There are other companies like Rail Restro, Rail Rider, Comesum, etc which are competing in this segment as well. Apart from these, IRCTC also has its own e-catering service through which it has tied up with a lot of these food aggregators and independent eateries.
OMitra was founded by Vikas Jagetiya in 2014. Currently incubated at IIIT Hyderabad, it is a social app for railway passengers. Using the app, fellow co-passengers can connect and socialise (and even ask for seat exchanges) with each other. Other than that passengers can set alarms and reminders during their journey, track trains, order food, register complaints, etc.
Local Transport App
There is this new crop of apps that help passengers with information on local train transport systems:
Sachin Teke, an engineer from VJTI, developed m-Indicator (‘m’ stands for Mumbai) in 2010. The app, operated under the
company Mobond, provides extensive information on Mumbai local transport that covers local trains, Metro Railway and Monorail. Currently, the app is claimed to be used by more than 1 crore people, which is phenomenal.
Transitpedia was founded by Mehul Sutariya and Vaibhav Vasa in 2013. Currently operating in Mumbai, Delhi, Pune, Hyderabad and Bangalore, the app provides time tables and real-time feeds on local trains (apart from other local transport systems).
Brijraj Vaghani and Ravi Khemani founded Birds Eye Systems in 2009. It launched Ridlr to provide real time information about bus, local train, metro and monorail schedules. It factors in blocks, diversions, delays and cancellations when suggesting any mode of transport to you. It also provides ticketing facility on the app. The company has raised three rounds of funding, once from Indian Angel Network and CIIE, second time from Matrix Partners India and then from Qualcomm Ventures.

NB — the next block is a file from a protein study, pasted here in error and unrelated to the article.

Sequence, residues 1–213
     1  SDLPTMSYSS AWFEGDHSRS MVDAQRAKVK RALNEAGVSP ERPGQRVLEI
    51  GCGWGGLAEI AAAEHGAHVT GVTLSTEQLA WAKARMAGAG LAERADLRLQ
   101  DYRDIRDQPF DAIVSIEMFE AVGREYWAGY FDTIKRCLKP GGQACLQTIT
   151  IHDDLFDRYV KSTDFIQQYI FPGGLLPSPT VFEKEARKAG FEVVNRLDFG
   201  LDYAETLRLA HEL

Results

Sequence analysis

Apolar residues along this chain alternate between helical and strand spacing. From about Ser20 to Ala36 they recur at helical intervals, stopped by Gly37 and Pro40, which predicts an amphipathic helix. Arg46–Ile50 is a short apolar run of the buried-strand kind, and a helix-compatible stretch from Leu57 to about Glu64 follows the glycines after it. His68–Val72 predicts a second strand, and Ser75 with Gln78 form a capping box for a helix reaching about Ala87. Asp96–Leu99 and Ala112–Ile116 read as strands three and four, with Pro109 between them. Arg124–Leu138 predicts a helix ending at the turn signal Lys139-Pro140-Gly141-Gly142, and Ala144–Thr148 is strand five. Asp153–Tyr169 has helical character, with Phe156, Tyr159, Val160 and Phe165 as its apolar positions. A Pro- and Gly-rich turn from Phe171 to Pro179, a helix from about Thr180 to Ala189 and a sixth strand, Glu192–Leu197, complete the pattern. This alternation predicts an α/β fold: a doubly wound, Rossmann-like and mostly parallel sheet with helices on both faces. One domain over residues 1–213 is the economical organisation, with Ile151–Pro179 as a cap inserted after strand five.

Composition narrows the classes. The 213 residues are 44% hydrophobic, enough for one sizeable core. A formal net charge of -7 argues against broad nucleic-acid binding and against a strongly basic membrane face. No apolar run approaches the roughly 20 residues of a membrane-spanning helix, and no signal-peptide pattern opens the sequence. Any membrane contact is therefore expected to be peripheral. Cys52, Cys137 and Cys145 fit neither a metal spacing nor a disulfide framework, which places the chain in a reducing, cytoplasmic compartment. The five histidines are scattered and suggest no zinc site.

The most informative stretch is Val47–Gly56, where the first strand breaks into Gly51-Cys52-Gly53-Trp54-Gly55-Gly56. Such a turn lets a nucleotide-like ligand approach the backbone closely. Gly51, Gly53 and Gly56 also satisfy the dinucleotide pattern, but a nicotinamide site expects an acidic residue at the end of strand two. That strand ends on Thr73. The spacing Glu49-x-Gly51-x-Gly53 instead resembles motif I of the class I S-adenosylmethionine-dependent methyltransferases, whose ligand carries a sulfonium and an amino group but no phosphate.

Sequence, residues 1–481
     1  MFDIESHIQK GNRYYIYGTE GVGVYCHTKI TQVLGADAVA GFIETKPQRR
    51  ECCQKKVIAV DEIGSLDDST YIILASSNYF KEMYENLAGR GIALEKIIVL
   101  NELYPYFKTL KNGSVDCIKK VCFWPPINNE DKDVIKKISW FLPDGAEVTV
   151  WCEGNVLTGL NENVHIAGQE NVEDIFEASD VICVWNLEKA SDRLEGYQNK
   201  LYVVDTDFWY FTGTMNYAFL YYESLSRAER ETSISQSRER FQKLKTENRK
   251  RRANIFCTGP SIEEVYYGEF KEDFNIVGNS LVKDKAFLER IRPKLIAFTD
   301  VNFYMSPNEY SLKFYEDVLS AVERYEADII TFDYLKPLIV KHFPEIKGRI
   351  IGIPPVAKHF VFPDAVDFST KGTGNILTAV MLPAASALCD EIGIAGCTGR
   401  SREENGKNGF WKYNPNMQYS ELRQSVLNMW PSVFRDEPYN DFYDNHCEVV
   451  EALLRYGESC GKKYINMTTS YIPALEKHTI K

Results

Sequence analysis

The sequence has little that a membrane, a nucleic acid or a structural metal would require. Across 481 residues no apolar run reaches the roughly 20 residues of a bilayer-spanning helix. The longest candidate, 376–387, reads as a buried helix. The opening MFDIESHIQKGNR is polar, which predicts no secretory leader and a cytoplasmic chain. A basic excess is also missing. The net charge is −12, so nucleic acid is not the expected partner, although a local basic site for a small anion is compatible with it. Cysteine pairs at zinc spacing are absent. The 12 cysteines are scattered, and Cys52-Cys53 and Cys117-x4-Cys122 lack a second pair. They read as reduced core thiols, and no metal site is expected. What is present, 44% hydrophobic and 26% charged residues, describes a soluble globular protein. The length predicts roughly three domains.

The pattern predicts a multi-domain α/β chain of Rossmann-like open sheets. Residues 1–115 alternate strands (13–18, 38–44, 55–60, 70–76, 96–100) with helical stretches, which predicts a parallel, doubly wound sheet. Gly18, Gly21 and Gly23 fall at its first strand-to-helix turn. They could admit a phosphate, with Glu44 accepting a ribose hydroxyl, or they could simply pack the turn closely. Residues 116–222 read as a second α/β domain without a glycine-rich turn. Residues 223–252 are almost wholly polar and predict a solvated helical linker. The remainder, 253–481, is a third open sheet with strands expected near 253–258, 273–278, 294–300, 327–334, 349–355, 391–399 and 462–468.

Then there are the government-backed apps
UTS on Mobile
It is the official Indian Railways Android app to book unreserved train tickets. It also helps passenger travel paperless.
The National Train Enquiry System Android app provides multiple supports like spotting trains, live stations, schedules, cancelled trains, etc.
It is the official IRCTC app for booking and cancelling tickets, journey alerts, etc. The app currently has more than 500K downloads.
Fortunately, Indian Railways is slowly opening up the manifold business avenues to private players. As part of this year’s Railway Budget, Indian Railways had even committed a budget of INR 50 crore to offer grants to employees and startups for supporting innovation. It looks like the Indian Railways is finally leveraging technology to get out of its limbo. And with the added help from the mentioned startups and apps, things should be on fast track. However, it remains to be seen how fast travellers are brought into the digital fold.